The Role of Chronemics and Proxemics in Communication - 3Rd Issue


"For negotiations or meetings, it is always wise to lure others into your territory, or the territory of your choice. You have your bearings, while they see nothing familiar and are subtly placed on the defensive."

- Robert Greene, The 48 Laws of Power -

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Dear Reader,

Welcome to the third issue of "Oddities & Curiosities", Mudita's "no-frills", irregular newsletter.

As anticipated in the previous issue, the new course on Time Management is now online (preview available here) and – given the strong links between time orientation and territoriality – it will soon be followed by a course on Space Management.

 

How do the concepts of "space" and "territoriality" affect workplace behaviour?

For starters:

- monochrons are greatly concerned with privacy, ownership, don't respond particularly well to personal closeness, and are not very tolerant of interruptions. When people in monochronic societies don’t have time for someone, "time becomes a room which some people are allowed to enter, while others are excluded". (E.T. Hall);

- polychrons, on the other hand, have a low sense of ownership of both space and material belongings, which they are usually happy to share with others. Polychronic societies emphasize the importance of social relationships over tasks: being slightly late for a meeting is more acceptable than disrupting an ongoing conversation.

 

Territoriality

 

What else? What other links are there between time (chronemics) and space (proxemics) management?

Both chronemics and proxemics are heavily influenced by power dynamics, and concerned with dominance and status:

 

- "One who is in the position to cause another to wait has power over him. To be kept waiting is to imply that one's time is less valuable than that of the one who imposes the wait." (Guerrero, DeVito & Hecht);

 

- "By the same token, occupying higher positions usually means being introduced to a bigger desk and a larger office. In extreme situations top officials occupy vast rooms which symbolize nothing more but status. As stated by the authors of Discourses in Place, ‘all of the signs and symbols take a major part of their meaning from how and where they are placed’. And this is predominantly the major territorial communication in our times – the bigger space occupied by you and your belongings, the more important, influential and rich you must be." (Sobocinski)

 

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On a related note, in the upcoming article – that will serve as an introduction to the course on Space Management – we’ll explore the implications of power dynamics in the virtual workplace:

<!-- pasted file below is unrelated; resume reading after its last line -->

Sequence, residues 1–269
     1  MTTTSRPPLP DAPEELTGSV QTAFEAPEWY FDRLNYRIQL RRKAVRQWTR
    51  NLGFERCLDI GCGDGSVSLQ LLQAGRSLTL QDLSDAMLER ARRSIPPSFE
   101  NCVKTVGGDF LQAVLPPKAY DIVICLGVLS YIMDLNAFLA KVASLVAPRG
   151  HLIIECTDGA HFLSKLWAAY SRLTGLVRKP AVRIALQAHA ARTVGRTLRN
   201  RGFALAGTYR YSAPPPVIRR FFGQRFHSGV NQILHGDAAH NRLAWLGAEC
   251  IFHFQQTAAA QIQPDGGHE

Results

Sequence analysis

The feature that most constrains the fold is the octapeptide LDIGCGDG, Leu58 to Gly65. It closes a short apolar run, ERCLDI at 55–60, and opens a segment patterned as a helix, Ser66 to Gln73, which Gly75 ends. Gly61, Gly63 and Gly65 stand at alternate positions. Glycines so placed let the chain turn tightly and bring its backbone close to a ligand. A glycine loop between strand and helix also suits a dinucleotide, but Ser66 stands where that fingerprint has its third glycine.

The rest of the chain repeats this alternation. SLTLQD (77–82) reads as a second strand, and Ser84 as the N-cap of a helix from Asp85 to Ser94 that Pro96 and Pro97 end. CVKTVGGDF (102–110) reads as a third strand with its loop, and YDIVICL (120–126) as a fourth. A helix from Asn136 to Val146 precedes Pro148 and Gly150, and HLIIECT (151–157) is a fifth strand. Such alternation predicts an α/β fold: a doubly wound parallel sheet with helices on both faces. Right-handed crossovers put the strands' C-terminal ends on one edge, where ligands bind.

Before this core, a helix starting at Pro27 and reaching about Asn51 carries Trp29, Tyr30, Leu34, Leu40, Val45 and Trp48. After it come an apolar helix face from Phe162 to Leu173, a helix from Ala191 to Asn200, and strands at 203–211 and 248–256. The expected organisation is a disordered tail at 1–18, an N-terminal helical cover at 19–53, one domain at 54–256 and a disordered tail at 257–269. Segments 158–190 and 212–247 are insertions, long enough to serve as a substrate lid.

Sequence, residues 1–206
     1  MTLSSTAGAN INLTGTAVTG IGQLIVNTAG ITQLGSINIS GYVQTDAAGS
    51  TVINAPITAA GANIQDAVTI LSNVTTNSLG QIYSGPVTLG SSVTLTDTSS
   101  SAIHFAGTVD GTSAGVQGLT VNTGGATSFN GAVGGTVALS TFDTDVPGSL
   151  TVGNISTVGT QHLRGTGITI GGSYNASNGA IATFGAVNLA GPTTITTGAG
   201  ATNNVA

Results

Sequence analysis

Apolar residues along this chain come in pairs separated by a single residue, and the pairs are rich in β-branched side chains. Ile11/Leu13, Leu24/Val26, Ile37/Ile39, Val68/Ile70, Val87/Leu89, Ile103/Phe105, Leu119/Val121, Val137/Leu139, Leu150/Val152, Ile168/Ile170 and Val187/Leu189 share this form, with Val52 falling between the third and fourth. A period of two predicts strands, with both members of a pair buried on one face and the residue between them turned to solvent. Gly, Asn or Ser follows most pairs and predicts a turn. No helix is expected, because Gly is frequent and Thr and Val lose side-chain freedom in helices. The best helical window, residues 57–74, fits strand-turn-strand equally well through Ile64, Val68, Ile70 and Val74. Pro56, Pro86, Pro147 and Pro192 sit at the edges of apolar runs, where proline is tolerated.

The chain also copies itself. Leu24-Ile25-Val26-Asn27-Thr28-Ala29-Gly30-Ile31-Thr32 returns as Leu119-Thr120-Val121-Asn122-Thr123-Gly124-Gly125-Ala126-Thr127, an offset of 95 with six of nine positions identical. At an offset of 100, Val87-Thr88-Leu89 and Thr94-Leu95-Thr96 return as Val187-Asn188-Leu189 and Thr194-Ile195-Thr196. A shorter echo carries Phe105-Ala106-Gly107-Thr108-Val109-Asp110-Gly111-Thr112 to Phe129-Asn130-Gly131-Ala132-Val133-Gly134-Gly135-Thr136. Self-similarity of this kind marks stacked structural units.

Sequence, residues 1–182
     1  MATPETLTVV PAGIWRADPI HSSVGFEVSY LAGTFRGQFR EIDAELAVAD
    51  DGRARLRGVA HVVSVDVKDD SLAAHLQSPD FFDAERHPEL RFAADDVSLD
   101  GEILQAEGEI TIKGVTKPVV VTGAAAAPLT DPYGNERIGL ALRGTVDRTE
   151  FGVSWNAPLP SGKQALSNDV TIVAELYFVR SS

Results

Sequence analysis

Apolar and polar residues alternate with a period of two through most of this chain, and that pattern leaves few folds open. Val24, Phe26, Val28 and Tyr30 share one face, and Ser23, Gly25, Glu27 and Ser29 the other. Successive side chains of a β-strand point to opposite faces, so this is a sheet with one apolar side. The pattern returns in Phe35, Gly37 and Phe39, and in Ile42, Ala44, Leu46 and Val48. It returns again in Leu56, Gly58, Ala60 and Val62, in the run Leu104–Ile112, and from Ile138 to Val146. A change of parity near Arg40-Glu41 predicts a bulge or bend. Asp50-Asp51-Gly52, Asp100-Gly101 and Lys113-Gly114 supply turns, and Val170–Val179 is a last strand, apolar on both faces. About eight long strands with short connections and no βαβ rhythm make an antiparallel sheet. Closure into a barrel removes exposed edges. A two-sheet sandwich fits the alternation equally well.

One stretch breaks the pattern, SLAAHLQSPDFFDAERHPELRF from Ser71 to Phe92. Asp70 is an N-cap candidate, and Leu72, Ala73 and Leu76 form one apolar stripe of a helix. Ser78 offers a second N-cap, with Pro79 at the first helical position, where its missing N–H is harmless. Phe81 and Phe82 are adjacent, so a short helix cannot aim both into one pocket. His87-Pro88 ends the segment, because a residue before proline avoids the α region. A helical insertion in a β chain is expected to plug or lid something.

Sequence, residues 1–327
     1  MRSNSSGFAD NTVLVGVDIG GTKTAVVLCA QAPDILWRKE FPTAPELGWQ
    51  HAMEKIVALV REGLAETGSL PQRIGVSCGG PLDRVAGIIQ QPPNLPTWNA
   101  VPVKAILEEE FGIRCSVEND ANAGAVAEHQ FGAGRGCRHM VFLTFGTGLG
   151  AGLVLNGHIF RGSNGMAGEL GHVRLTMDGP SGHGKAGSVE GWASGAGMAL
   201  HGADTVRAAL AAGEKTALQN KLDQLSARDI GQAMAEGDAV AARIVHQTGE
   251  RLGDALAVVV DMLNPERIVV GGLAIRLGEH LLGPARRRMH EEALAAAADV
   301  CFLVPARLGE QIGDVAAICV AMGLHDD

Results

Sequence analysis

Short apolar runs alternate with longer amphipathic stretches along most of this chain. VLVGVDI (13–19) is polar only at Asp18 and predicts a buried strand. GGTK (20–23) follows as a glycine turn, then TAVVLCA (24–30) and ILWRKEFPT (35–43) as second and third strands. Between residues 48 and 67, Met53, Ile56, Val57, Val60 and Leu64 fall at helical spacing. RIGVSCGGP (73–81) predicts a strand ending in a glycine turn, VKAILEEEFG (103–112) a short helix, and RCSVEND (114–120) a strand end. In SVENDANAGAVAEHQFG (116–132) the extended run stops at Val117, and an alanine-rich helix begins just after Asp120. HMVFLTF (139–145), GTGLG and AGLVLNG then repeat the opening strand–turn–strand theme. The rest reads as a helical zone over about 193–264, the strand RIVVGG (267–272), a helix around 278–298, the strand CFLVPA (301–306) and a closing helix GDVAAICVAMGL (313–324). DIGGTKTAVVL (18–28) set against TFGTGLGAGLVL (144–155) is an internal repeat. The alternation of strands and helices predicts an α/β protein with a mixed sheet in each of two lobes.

- "Many of us are sheltering-in-place, practicing social solidarity by physically distancing, and shifting to majority online work and organizing in midst of the global coronavirus pandemic. For many folks that means adjusting to different work spaces and work-flows, ones where virtual meetings have become a regular and expected activity. On the one hand, being able to work from home or participate in virtual meetings represents a very clear form of privilege, in that you have work to do and don’t have to do it in higher-risk settings like caregiving and essential retail. But within our online meeting spaces, other forms of privilege and associated power dynamics play out in ways that undermine our work and marginalize important voices and perspectives.

What are some ways that people have power and privilege in virtual meetings?

- […] Designated work space: people who have a designated quiet, private, well-lit space where they can connect, those who have a house, bedroom, home office to work from and concentrate within." (Arellano)

 

- "Space can be considered as a resource, and thus control over space and a greater ability to use it for attaining one's goals can be a major benefit. Therefore, we should systematically study the social and psychological impacts of not only the amount of area per person but also differential control over space. This readily brings to mind the fact that people of low status (e.g. the urban poor, the child in the crowded household) may have less of a claim to space when it is in high demand than do people of high status (the urban affluent, adults in the home). Therefore, it would be important to examine the differential impact of dense conditions on those with high status vs those with low status. Actual power over spatial use should minimize overload and allow one to conduct desired activities with less interference, while less power would lead to more interruptions and the inability to conduct preferred activities. Studies of control and crowding should thus concentrate on differences between those within collectivities who have more or less social power in their everyday environments." (Baldassarre)

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To be notified about the publication of new material on Space Management, please subscribe to "Oddities & Curiosities".

 

Thank you (as always!) for your time and support,

Maria

 

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